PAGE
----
I attended Velocity Conference 2014 in Barcelona this week. And it was a blast.

View from the Velocity EU 2014 venue's
terrace

The conference venue alone, which is located right next to the sea, and one could spend the breaks on the terrace which has a great view towards the shore, made it a somewhat special event. (Of course, to me as a german at a time where winter begins, anything with open water and a lot of sun is awesome). The conference itself was very good on it’s own, even without such a great venue.

What I liked most about the conference is how they managed, from a programmatic point of view, to put together a very diverse conference. One got to hear about in-depth performance and optimization topics, but also a lot about how to lead modern engineering organizations and how to build open and diverse teams. The program chairs & committee did a great job there.

While the conference provided high quality content and speakers throughout, I’ll only highlight the session that made the most impression on me.

Both conference days started off with 90 minutes of short Keynotes. Those already gave a good glimpse of the overall topics of the overall conference, and got covered in depths in the later sessions.

Steven Shorrock - Life after Human Error

The very first Keynote already was a highlight with Steven Shorrock’s Life after Human Error. Although starting a bit slow, he presented a great introduction into the field of Human Error and gave very practical advice that could be directly applied.

Looking back, what I found somehow funny: He basically said, as the first presenter of the conference, that we should rather not conduct post-mortems at all but rather look at systems under normal circumstances and try to find out how they will probably react when pressure will be applied. But throughout the conference so many people basically stated, that obviously everyone should do post-mortems. I wonder how Steven experienced that.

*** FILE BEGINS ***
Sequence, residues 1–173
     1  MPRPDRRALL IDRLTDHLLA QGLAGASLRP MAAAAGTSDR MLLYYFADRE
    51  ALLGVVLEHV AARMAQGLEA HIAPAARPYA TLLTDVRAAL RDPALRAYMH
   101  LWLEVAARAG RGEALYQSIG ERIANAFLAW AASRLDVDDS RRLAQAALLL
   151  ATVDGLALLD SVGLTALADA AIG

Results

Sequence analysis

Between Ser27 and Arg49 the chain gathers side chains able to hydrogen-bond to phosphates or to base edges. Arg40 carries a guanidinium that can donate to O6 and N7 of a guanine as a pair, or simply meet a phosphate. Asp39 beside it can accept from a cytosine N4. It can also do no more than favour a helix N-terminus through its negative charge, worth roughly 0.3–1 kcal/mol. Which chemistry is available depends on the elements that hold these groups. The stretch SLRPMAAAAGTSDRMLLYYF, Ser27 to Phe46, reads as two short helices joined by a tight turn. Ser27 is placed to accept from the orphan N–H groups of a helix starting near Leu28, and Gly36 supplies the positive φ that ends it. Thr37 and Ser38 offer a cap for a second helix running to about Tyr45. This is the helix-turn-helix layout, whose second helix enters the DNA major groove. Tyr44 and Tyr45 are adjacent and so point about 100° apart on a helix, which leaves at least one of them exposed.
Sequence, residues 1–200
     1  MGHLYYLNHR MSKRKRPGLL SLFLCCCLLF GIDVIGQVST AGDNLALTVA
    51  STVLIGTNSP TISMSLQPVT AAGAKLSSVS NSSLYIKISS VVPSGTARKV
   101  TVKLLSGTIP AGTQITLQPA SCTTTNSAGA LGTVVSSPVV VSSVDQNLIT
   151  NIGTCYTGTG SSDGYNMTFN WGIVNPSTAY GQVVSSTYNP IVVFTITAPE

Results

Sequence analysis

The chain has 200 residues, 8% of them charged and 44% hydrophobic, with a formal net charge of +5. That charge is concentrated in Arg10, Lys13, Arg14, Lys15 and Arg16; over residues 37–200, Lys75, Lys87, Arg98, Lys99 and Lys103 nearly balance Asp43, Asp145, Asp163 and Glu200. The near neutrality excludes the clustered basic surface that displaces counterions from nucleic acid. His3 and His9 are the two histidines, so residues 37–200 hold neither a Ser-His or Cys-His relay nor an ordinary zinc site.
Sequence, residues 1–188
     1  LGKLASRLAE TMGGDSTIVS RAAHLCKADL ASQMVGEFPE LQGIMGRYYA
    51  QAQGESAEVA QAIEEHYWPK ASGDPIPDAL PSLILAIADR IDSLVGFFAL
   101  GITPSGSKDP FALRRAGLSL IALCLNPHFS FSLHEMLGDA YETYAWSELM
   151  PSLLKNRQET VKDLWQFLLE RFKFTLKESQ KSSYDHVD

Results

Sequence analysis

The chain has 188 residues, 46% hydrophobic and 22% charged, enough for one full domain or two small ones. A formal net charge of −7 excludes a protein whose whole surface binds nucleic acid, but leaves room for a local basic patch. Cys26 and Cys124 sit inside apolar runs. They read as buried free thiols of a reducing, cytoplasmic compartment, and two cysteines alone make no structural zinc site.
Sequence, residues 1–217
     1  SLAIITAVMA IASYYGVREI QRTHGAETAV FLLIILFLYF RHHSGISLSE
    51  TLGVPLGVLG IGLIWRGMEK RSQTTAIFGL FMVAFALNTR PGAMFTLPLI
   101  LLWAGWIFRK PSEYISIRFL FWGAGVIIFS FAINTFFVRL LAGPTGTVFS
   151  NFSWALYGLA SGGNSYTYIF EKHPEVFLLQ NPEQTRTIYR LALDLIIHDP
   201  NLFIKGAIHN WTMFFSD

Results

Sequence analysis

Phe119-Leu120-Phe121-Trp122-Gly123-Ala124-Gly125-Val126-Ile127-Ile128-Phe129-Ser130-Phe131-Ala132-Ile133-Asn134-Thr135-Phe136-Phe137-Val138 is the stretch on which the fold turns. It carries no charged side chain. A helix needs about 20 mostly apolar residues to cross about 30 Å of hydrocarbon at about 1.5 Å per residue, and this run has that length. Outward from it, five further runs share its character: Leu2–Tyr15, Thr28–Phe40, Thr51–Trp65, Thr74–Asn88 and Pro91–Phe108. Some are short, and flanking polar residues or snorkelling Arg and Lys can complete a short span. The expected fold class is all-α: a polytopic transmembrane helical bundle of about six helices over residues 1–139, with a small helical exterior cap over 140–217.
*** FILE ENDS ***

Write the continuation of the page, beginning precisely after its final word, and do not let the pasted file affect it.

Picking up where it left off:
Laine Campbell - Recruiting for Diversity in Tech

In her Keynote, Laine in the beginning shortly touched on the subject of why diverse teams are a good thing to build and cultivate. Most of the time though was then given to very concrete advice on how to get there, which boiled down to

  • Get everyone to the party by always recruiting from underrepresented groups
  • Set Goals, Track and Enforce them such as “50% of applicants must be women”
  • Eliminate Daily Beatdowns by defining acceptable behaviour
  • Eliminate Implicit Bias for example by anonimyzing job applications, building balanced interview teams and reviewing your interview techniques and questions for bias regularly.

I especially liked the focus on concrete actions that anyone can do, even if all those steps are still quite hard to implement, and the mention of inherent and aquired diversity, which while being somehow obvious, was new to me and opened another way to think about the whole topic.

Mark Zeman - Better Performance Through Better Design

Mark simply put on a great show in his Keynote, where he talked about how design can help with improving performance.

He presented a no-BS three-step approach that he called designing designing and consists of

  • Define your project principles. The GDS Design principles are a great example for such principles.
  • Have interdisciplinary teams.
  • Measure and share your (performance) metrics. He mentioned PerfMap as one tool that helps with that. Be sure to share them in a way that’s accessible and meaningful for others. Show business people how performance affects the experience, possibly compare it to the competition in the market.

Mike Rembetsy - Hand-made Operations: Scaling Workflow and Management at Etsy